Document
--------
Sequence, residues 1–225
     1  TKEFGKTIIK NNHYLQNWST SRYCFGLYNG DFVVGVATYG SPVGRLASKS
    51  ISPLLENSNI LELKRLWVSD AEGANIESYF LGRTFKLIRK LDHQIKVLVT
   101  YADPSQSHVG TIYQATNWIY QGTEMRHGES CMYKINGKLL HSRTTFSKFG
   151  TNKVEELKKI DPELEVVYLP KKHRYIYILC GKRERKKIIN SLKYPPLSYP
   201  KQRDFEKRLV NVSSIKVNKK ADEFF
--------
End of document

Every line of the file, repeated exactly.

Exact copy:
Sequence, residues 1–225
     1  TKEFGKTIIK NNHYLQNWST SRYCFGLYNG DFVVGVATYG SPVGRLASKS
    51  ISPLLENSNI LELKRLWVSD AEGANIESYF LGRTFKLIRK LDHQIKVLVT
   101  YADPSQSHVG TIYQATNWIY QGTEMRHGES CMYKINGKLL HSRTTFSKFG
   151  TNKVEELKKI DPELEVVYLP KKHRYIYILC GKRERKKIIN SLKYPPLSYP
   201  KQRDFEKRLV NVSSIKVNKK ADEFF